European economy sees positive recovery signals

Friday, 2021-08-06 14:26:38
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People enjoy an evening drink at Place de la Contrescarpe in Paris as cafes, bars and restaurants reopen after closing down for months amid the coronavirus disease (COVID-19) outbreak in France, May 19, 2021. (Photo: Reuters)
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NDO – Bright colours have gradually emerged in the overall economic picture of the Eurozone, with positive recovery signals. The package of measures to restore the economy after the pandemic, which has just been disbursed by the European Union (EU), is among the solutions expected to help maintain the flourishing momentum of economies in the “Old Continent”.

Belgium, Luxembourg and Portugal are the first three EU member states to receive disbursement from the bloc’s EUR800 billion post-pandemic recovery package. Specifically, in the last disbursement, Portugal, Belgium and Luxembourg received EUR2.2 billion, EUR770 million and EUR12.1 million, respectively. The EU's disbursement of the support package is helping economies on their way to recovery with many risks ahead.

After a long period under the “dark clouds of recession”, the European economy has recently received positive signals. The European Union’s statistics office Eurostat said gross domestic product in the 19 countries sharing the euro grew 2.0% quarter-on-quarter for an increase of 13.7% year-on-year. Notably, Italy and Spain, the two countries that suffered heavy losses in the first wave of the COVID-19 epidemic in 2020, achieved impressive growth rates of 2.7% and 2.8%, respectively.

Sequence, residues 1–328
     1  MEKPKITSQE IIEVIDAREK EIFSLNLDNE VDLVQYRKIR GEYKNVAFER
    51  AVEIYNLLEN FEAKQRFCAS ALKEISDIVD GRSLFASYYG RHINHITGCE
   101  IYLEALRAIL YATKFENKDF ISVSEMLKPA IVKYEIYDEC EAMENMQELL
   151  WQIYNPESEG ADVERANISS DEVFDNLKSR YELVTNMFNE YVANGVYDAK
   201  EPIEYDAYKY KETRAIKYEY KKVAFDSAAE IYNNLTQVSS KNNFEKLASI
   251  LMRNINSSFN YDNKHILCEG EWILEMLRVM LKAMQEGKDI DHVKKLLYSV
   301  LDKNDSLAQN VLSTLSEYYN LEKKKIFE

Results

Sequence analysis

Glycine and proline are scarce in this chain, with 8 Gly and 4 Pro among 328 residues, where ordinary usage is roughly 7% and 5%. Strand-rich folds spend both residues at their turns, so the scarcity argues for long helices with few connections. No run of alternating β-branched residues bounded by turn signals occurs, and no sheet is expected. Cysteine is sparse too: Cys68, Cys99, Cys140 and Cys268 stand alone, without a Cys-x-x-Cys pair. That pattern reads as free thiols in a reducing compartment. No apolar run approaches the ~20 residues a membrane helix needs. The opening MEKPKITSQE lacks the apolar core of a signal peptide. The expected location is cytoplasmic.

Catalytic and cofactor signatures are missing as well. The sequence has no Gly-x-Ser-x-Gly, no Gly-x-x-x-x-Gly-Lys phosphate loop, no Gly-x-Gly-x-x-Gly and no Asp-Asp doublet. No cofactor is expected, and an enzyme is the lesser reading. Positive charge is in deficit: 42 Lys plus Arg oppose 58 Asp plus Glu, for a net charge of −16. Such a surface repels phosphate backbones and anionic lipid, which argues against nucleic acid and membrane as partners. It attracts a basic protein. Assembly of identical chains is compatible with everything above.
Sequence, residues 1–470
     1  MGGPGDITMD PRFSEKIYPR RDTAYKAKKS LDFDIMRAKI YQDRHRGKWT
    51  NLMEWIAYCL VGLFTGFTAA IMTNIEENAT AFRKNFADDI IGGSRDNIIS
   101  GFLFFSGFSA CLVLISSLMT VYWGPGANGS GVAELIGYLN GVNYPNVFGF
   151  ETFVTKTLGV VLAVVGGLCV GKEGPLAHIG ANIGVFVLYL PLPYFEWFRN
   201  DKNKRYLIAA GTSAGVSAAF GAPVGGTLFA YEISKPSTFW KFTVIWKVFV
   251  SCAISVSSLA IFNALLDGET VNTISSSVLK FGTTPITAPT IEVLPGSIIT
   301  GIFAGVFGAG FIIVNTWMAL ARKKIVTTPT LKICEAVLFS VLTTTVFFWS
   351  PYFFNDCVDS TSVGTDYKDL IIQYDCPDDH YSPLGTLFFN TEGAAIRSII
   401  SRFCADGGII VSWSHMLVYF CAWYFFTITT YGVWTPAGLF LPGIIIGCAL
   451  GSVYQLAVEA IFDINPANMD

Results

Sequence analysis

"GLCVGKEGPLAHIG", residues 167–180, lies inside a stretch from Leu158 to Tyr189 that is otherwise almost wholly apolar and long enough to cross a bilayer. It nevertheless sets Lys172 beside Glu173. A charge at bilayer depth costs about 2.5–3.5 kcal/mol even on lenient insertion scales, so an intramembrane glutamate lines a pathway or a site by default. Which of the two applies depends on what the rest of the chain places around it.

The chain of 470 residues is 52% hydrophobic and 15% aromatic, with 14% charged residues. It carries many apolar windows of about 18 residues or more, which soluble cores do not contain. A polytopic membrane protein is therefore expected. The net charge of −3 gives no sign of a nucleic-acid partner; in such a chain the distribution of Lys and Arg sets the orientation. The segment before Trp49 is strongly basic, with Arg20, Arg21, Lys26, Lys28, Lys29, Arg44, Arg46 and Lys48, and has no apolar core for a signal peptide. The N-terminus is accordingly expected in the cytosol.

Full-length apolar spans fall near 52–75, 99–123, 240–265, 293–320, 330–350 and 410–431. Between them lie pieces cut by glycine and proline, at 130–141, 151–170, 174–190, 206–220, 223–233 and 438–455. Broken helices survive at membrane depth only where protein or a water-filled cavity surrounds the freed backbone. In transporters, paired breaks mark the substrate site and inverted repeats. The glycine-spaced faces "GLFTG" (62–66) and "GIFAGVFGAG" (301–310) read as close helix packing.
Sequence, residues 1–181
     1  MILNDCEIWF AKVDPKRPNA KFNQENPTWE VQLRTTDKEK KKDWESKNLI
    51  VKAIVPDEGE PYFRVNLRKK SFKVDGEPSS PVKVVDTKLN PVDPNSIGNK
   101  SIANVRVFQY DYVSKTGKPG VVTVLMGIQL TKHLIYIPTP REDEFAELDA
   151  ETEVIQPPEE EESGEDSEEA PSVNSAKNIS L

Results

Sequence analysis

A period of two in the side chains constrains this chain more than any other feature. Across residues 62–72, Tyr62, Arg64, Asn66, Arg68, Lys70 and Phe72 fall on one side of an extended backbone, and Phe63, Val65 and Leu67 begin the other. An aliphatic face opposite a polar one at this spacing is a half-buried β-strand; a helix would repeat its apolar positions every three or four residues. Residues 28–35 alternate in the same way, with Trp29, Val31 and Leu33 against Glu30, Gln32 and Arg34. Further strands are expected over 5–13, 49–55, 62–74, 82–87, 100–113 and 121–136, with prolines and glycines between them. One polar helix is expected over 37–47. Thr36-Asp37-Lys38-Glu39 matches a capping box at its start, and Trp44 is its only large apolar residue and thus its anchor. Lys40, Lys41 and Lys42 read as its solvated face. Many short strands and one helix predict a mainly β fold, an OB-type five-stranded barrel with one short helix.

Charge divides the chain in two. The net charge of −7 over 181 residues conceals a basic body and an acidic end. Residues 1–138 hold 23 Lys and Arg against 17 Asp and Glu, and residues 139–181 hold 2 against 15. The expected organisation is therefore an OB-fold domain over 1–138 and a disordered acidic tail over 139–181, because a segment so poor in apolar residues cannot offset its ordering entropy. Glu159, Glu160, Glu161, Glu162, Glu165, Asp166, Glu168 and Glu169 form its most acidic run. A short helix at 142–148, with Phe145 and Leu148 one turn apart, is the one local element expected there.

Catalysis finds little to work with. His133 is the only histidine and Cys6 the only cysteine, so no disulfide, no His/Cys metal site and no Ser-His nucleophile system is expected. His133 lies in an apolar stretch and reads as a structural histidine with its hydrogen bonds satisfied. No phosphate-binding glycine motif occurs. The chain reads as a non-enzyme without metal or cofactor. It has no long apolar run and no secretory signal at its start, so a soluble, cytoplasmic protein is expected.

This achievement is attributable to the drastic promotion of the COVID-19 vaccination campaign and the gradual easing of restrictions and blockade measures in countries. Immediately after the EU officially applied the Digital Green Certificate on COVID-19, many countries, from Spain and Portugal in Southern Europe to Latvia and Finland in Northern Europe, reopened to welcome tourists.

However, challenges always come together with opportunities. The economic recovery path of the Eurozone is still uncertain. The region's top economic policymakers have different views on how the economy should operate after the pandemic. There are opinions that the European Central Bank (ECB) needs to maintain the flexible monetary policy applied during the crisis period due to the pandemic and keep interest rates low. Meanwhile, other opinions suggest that the EU should reduce support in both capital and fiscal policy as soon as the crisis ends.

To maintain the bright colours in the Eurozone economic picture, the deployment of an economic recovery fund is necessary, but not enough. Observers said that, in addition to quickly filling the “deep hole” of differences in economic strategy, the EU must also avoid subjective psychology and maintain readiness to respond to the threats from COVID-19 that are always looming.

HUYEN TRANG